Book Review: A Time to Kill by John Grisham

May 27, 2014 Blog, Book Reviews 1

I received this book for free from Purchase in exchange for an honest review. This does not affect my opinion of the book or the content of my review.

Book Review: A Time to Kill by John GrishamA Time to Kill by John Grisham
Series: Jake Brigance #1
Published by Dell on March 15th 2004
Genres: Mystery, Thriller
Pages: 544
Source: Purchase
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Before The Firm and The Pelican Brief made him a superstar, John Grisham wrote this riveting story of retribution and justice -- at last it's available in a Doubleday hardcover edition. In this searing courtroom drama, best-selling author John Grisham probes the savage depths of racial he delivers a compelling tale of uncertain justice in a small southern town...Clanton, Mississippi.

The life of a ten-year-old girl is shattered by two drunken and remorseless young men. The mostly white town reacts with shock and horror at the inhuman crime. Until her black father acquires an assault rifle and takes matters into his hands.

For ten days, as burning crosses and the crack of sniper fire spread through the streets of Clanton, the nation sits spellbound as young defense attorney Jake Brigance struggles to save his client's life...and then his own.

My Thoughts

Wow… I read the author’s note and although I’ve never read John Grisham’s work before I just knew I was going to like this guy. And then I started reading the book… it’s intense, to say the least. I was surprised that he started the book with the raping of the young Hailey girl but I think it was to grab his audience, and he did!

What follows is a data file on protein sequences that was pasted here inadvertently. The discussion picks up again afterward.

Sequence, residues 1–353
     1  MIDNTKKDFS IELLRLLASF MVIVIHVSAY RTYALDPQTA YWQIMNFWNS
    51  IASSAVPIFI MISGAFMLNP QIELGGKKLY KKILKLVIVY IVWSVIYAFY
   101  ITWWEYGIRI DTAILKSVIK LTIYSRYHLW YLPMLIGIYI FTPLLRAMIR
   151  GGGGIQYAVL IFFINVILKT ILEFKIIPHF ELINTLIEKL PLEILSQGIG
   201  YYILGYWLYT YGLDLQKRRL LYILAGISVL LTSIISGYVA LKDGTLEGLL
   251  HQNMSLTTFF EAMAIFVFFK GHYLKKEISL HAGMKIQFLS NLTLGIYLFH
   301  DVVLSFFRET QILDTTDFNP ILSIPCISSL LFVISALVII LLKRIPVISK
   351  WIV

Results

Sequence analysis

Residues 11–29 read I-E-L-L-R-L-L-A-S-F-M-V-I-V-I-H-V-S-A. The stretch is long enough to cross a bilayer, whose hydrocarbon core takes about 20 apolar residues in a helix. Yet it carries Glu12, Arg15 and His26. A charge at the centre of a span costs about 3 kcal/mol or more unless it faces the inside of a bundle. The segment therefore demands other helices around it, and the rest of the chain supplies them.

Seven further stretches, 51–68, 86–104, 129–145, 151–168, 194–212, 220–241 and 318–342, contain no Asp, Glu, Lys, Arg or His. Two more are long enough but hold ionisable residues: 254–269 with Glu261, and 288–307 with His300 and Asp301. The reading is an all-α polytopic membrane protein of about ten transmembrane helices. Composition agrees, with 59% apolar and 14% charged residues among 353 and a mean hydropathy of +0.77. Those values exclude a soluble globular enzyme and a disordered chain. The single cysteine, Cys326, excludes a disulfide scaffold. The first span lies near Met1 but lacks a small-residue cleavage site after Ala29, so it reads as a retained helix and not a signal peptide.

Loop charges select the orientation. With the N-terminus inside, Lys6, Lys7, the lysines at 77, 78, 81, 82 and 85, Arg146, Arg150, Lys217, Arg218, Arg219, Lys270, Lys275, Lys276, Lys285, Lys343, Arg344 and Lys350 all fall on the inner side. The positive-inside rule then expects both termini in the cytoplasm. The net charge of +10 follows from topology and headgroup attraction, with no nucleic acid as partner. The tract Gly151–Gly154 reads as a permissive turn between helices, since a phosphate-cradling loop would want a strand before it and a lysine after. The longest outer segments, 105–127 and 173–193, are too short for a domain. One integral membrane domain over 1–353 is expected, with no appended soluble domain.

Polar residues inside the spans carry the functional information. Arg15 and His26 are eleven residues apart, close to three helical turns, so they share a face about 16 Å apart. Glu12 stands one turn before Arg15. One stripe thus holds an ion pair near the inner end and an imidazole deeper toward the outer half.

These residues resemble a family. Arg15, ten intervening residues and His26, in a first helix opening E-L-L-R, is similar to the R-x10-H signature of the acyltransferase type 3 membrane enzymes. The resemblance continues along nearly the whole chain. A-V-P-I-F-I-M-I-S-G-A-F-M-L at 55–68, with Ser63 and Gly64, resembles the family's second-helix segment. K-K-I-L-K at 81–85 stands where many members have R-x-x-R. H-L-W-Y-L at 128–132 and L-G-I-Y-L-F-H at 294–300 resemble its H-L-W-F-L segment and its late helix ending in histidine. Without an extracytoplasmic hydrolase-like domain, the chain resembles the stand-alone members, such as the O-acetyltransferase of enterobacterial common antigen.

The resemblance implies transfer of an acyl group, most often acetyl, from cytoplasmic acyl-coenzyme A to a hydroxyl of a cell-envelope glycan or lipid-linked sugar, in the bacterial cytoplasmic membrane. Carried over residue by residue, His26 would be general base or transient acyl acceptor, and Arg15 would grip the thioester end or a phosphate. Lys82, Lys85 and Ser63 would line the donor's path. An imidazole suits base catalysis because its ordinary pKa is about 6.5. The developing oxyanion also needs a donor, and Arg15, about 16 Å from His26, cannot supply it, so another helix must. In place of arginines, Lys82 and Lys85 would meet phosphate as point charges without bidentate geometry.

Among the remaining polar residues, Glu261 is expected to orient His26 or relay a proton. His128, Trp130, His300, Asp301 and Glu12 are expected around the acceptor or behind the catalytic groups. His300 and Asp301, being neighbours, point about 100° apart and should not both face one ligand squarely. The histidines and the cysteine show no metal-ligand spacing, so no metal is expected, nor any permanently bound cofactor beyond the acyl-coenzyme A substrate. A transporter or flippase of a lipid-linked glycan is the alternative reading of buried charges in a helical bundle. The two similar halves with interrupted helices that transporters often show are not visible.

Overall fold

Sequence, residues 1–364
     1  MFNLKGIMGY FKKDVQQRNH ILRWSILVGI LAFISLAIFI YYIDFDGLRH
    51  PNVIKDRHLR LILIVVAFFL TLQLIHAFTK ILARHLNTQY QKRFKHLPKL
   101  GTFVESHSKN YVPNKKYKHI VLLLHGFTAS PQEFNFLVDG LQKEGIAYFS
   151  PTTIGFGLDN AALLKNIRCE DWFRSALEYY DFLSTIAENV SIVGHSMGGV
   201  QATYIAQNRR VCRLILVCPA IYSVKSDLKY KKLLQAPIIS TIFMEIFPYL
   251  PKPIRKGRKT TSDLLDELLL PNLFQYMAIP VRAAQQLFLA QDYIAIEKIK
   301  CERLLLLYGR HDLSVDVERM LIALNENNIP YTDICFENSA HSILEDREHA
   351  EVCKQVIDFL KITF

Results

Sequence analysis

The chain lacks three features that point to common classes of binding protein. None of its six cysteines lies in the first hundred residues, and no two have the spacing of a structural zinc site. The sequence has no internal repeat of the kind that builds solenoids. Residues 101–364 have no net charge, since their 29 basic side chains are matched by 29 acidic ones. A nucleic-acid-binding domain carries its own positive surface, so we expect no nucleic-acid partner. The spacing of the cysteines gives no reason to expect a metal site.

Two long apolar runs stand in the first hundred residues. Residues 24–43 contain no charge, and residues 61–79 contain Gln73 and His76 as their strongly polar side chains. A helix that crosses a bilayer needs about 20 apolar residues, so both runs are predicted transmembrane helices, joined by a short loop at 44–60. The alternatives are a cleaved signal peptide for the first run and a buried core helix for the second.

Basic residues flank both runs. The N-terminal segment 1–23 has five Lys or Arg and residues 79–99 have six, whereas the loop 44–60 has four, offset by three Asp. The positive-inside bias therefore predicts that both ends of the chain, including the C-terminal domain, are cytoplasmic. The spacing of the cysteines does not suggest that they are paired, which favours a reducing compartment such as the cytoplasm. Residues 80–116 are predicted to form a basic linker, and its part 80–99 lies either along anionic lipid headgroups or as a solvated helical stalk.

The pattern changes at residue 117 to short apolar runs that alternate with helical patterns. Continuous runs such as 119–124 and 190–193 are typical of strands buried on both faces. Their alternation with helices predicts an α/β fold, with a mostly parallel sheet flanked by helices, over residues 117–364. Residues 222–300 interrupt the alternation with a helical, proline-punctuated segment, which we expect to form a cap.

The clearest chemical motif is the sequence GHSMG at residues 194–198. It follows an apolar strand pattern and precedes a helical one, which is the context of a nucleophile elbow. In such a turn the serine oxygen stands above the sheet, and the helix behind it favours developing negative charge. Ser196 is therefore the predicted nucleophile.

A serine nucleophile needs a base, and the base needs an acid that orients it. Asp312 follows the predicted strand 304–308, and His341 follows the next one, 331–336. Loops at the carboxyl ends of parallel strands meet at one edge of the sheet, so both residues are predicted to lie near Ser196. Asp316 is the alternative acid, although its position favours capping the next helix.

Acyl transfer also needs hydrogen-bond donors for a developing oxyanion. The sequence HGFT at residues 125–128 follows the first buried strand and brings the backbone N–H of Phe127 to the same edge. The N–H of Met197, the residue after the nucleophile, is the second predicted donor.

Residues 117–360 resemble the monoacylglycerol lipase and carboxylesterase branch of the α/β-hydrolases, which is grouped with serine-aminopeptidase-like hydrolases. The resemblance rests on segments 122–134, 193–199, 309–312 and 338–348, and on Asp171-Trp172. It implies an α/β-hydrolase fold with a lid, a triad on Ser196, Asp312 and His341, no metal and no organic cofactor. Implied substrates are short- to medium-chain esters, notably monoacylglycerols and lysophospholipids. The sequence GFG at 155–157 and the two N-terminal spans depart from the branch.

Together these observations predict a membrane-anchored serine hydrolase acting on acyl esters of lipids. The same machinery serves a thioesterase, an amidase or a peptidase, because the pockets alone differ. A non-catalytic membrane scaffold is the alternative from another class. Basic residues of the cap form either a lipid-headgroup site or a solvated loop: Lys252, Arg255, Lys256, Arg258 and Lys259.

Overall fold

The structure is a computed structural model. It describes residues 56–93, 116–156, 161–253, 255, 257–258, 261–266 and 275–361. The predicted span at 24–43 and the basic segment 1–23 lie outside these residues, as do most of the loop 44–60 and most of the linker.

I read this for my book club because I honestly may not picked it up otherwise and I texted one of the gals and asked what in the world she got me into!!? I already wanted to cry and I was only five, FIVE pages in! But that’s just the beginning. The entire story surrounds this crime and what a father will do to protect his daughter.

I also loved the characters. They were swimming off of the page just wanting to be met and loved. Jake Brigance is extraordinary but also a complete pain in the ass, just my type of guy! And then the father, is brilliantly written. Even as a man that committed a crime I wanted to side with him even as I was reading that he was going to kill the boys that raped his daughter, and I truly believed it too, I wanted him to be sane and not do it but I also just wanted the best for him and his family!

It’s such a black and white issue and it is weird to think today that these problems still exist. It’s easy to turn a blind eye to until you read a book like this where the author makes you think about today’s world and what we can do to change things.

The only downside is that there is a lot of back story and I think some of that could have been edited. This was a long book and I don’t think we needed to know everyone’s history, even still I read and loved it with all that history.

The Author

“Long before his name became synonymous with the modern legal thriller, he was working 60-70 hours a week at a small Southaven, Mississippi law practice, squeezing in time before going to the office and during courtroom recesses to work on his hobby—writing his first novel.